[Thanks TigerBB8]
"TEM time is expensive?"

Gui and An (2013) wrote of "Layer-by-layer aqueous synthesis, characterization and fluorescence properties of type-II CdTe/CdS core/shell quantum dots with near-infrared emission". The coauthor here is Xueqin An, Gui's PhD supervisor. Despite appearances, the panels of their Figure 3 are not maps of a mountainous archipelago, from a five-volume series of fantasy novels.


In fact they applied transmission electron microscopy to swarms of the freshly-synthesised quantum-dot cores, and their progressive expansion in a sequence of layers: "Wide-field TEM images of CdTe core QDs (a), the corresponding CdTe/CdS core/shell QDs with 1 (b), 2 (c) and 4 (d) MLs of CdS shell, TEM (e) and HRTEM (f) images of CdTe/CdS/ZnS core/shell/shell QDs with 4 MLs of CdS shell and 2 MLs of ZnS shell."

To explain how details of these panels were blown up, rotated and relabelled as different materials, across a long series of papers, PubPeer contributor "Epichloe Festucae" could only surmise that "TEM time is expensive?". Largely-overlapping enlargements appeared as "PEI-stabilised Carbon QDs" in Figure 2(a) of Gui et al (2014a), and as dopamine-conjugated CdTe quantum dots in Figure S1(a) of Gui et al. (2014b).



And at right, after a four-year delay and a vertical flip, as "CDs prepared from hydrothermal carbonization treatment of fresh black fungus juice", as Figure 3(a) of Jin et al. (2018). 'Black fungus' is innately funny. By then the journal peer-reviewers were expecting the strings of meaningless buzzwords to be longer, so these carbon dots "facilely self-assemble" with magnetic nanoparticles and aptamers to form tetradotoxin-detecting nanocomposites.

In Figure 1(c) of Gui et al. (2014c), the panels became "Ag2S QDs".


Space does not permit demonstrations of all ten papers repurposing the 2013 Wall of Dots. We must be content with Gui & Jin (2013), where the particles were "human serum albumin-stabilized fluorescent Au/Ag core/shell nanocrystals for highly sensitive and selective sensing of copper(II)", illustrated with five enlargements from the original;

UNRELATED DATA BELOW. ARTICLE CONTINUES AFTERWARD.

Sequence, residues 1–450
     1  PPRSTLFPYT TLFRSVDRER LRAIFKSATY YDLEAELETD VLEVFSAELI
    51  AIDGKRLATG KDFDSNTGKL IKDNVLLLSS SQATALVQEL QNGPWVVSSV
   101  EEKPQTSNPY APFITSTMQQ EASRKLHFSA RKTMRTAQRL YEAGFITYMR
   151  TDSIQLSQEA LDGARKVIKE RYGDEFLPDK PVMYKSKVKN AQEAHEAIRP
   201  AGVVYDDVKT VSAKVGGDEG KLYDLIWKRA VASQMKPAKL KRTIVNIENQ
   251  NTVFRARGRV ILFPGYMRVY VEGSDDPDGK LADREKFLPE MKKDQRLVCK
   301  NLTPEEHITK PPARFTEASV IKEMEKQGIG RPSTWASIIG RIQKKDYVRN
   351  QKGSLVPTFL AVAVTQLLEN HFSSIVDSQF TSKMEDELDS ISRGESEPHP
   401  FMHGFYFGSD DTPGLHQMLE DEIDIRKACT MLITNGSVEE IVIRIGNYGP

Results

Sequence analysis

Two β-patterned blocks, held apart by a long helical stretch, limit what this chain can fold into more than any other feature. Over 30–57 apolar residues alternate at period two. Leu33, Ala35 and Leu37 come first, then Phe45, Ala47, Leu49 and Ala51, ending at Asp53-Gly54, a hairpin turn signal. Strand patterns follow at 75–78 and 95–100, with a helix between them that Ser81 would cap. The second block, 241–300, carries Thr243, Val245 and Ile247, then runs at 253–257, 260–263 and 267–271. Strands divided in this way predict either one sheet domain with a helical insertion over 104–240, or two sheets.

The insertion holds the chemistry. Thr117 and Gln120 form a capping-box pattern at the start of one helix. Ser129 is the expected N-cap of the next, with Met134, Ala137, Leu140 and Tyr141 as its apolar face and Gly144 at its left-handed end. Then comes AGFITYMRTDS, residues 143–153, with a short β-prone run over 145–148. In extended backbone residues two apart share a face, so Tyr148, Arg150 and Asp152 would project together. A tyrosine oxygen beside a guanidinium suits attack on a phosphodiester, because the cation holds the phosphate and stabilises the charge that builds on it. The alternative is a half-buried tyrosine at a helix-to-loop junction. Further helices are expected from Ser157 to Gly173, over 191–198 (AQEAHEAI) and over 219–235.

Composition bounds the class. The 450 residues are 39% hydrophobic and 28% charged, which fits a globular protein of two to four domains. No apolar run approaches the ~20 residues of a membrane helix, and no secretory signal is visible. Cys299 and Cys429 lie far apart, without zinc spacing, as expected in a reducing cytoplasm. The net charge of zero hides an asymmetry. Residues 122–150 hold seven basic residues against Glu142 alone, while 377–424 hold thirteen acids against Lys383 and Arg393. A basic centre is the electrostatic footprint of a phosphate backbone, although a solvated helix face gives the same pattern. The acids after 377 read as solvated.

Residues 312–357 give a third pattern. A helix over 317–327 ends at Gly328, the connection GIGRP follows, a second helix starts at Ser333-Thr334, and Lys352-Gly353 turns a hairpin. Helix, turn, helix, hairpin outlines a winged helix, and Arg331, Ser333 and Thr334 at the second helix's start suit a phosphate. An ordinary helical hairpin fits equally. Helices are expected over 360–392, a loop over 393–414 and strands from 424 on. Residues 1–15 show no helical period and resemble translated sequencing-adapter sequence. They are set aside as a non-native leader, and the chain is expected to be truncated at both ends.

And as Ag2S QDs again, as Figure 2(a) of Tan, Wan & Li (2014): one of two "Group-A" papers, accessing the original image despite an absence of authorship overlap with the other eight papers in this series. The second being Tan et al (2014), where the QDs became Ag2Se and were capped with multidentate polymer.


These were not the only figures weaving these papers into a single body of work. Other cross-connections caught the eyes of commenters.


These overlapping circles are either "blank liposomes", Supplementary Figure 3(a); or "mesoporous silica nanoparticles (MSN)", Figure 1(c); or "CMC–FA–RBS hybrid nanospheres", Figure 2(c). But who knows? They could be something else entirely.

As is always the case when reporting on Nanomalfeasance, I am cherry-picking the Pubpeer threads, picking out only a fraction of the coincidences, in accordance with obscure aesthetic criteria. Other people’s tastes might differ (for instance, the PubPeer twitter account), so readers are urged to explore the original sources.

We can widen the investigation by going back to Tan, Wan & Li (2014). The gist of that paper was that when HepG2 cancer cells are fed a diet of silver nitrate and sodium sulfide, they synthesise Ag2S 'quantum dots' within their cytoplasm (through the mediation of reduced glutathione). The photofluorescence of these QDs betrays their presence when they are extracted from the hepatoma cells and injected into mice. Here, at left, I have flipped Figure 4 horizontally [left]...


... to highlight its resemblance to the mouse [at right] from Figure 7 of Tan, Wan & Li (2013). Though that mouse was glowing in the dark (irradiated by 488 nm laser light) because it had been injected with CuFL and Ag2S-GSH-SNO nanoparticles. It is a highly-trained Stunt Mouse with experience in this act; readers should not try it at home.